The sheer tightness of “The Nuckelavee”, for example – both sonically and structurally there’s not an ounce of fat or wasted space to be found – wouldn’t be possible if McBain hadn’t learned all the right lessons from his predecessors and progenitors (which, if my ears don’t deceive me, might also include taking some lead guitar influence from the early In Flames this time around), nor would the unfettered viciousness of “I, The Deceiver” hit as hard as it does if it didn’t draw clear inspiration from several successive waves of ever-more focussed and furious Black Metal.

And then there’s the absolutely gigantic hooks (both vocally and melodically, including some well-placed, wailing bagpipes) of the titanic title-track (possibly/probably the best song Hellripper have ever produced) and the genre-fusing, boundary-diffusing attack of the climactic “Mester Stoor Worm” (another contender for the title of “best song in the band’s discography”), neither of which would be what they are in a world without the likes of Bathory and VenomSlayer and SodomMetallica and Iron Maiden… and so many more.

But, as always, Hellripper isn’t about just rehashing the past – it’s about bringing it into the present and making it sound as vital and as vibrant as if it had only just burst onto the scene. And …Withered Hags does that better than ever before.


One thing we really need to do is get past this idea that every band’s new album needs to be their “best” release. For one thing, the very question of what is “best” is contentious in itself and, for another, forcing bands to compete with themselves like this can discourage them from experimenting and evolving because they’re too caught up in trying to “beat” their previous record.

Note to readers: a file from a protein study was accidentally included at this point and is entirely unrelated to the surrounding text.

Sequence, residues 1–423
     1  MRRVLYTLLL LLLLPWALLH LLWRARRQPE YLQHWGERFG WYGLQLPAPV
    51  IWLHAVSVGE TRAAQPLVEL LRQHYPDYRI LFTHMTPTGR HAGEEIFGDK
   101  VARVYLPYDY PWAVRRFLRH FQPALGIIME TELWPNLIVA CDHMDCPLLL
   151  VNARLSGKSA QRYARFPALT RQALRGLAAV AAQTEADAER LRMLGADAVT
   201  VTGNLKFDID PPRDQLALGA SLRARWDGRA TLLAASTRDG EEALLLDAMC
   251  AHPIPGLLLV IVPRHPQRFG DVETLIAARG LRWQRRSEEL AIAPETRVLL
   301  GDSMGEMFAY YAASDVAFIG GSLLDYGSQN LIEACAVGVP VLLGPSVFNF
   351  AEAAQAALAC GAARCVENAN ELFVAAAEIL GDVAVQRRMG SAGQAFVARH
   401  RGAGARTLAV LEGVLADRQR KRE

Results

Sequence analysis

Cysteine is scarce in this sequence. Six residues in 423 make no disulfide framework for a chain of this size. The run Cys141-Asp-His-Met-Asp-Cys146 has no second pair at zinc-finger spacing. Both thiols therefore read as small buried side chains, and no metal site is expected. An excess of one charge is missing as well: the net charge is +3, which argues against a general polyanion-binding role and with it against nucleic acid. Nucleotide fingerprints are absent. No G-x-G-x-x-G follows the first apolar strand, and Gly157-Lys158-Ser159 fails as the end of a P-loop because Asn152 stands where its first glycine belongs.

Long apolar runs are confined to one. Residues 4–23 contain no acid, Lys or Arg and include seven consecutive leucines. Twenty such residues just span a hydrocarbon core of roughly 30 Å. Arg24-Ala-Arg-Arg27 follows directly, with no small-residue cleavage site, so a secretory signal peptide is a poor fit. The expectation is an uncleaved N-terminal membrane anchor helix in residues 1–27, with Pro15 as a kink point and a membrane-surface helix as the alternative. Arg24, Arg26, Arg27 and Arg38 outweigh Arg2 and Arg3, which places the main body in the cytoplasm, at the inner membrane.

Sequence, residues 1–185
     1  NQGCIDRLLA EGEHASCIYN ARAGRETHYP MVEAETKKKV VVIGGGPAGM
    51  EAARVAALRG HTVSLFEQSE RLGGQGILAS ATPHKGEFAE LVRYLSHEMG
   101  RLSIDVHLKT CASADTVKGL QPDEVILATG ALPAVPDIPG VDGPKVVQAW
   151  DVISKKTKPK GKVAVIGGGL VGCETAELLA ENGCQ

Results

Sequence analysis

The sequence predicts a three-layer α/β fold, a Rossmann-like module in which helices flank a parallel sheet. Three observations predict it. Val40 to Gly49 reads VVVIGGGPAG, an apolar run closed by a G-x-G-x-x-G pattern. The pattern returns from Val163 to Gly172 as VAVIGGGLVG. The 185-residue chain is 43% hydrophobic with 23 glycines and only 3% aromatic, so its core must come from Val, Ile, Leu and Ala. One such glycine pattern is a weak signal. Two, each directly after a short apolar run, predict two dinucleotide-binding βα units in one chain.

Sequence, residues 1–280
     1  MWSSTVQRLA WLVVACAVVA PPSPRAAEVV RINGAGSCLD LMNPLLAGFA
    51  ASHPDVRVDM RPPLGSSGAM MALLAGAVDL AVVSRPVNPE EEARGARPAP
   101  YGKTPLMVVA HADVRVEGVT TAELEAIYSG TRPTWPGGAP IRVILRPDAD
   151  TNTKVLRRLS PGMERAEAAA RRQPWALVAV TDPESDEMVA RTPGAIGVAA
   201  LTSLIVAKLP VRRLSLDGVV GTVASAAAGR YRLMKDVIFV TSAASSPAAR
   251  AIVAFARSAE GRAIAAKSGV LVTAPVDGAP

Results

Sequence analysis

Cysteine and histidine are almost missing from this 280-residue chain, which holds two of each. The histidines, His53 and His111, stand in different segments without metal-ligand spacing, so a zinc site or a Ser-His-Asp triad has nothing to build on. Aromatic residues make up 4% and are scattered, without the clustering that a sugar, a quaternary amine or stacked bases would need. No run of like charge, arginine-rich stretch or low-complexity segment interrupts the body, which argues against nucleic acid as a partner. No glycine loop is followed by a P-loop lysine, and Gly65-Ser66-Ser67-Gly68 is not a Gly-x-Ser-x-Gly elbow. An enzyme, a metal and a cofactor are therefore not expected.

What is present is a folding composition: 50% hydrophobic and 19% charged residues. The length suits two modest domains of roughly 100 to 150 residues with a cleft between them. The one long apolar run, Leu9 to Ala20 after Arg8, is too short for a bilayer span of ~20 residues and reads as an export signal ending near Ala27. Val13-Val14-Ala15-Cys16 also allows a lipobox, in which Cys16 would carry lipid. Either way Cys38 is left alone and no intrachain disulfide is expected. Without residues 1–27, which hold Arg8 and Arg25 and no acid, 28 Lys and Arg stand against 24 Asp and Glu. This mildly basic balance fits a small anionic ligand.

Now, if you’ve guessed that I’m going to tell you that The Pain Behind It All isn’t Man Must Die‘s “best” album (that’s still either Peace Was Never An Option or No Tolerance for Imperfection, depending on what day it is) then… well done, you’re one step ahead of the game.

But if you’ve also guessed that it’s arguably the band’s most multi-faceted work yet – even if all those facets aren’t quite polished to the same gleaming perfection just yet – then… give yourself an extra big pat on the back.

I’m not saying there aren’t some straight-up ragers here in the classic Man Must Die mold (of course there are, and songs like hyper-adrenalised opener “Patterns in the Chaos”, the fretboard-mangling “Clickhate”, and bruising pre-release single “Bring Me the Head of the King” provide all the in-your-face aggression and face-melting fury we’ve come to expect from the band) but it’s the deviations from the form – the moody, mid-paced stomp of the title-track (replete with eerie piano embellishments and a sense of doomy, melodic menace), the sullen, sombre intensity of “Enabler” (where frontman Joe McGlynn subtly, but strikingly, adds yet another layer of emotion to his venomous vocal delivery) – which stand out the most.

So while it may not be the band’s “best” work (the sequencing seems a little off, for one thing, with “War Is My Will” sounding like an obvious, and triumphant, finale, leaving the subsequent tracks feeling a tad underwhelming) it may well represent a brand new beginning – especially when you consider the way that the addition of a second guitarist, new boy Alan McFarland, has opened up new melodic and harmonic opportunities for them – for one of the UK’s finest, and fiercest, purveyors of pure metallic punishment.

Pick up a copy of the band’s new album (out this Friday) here.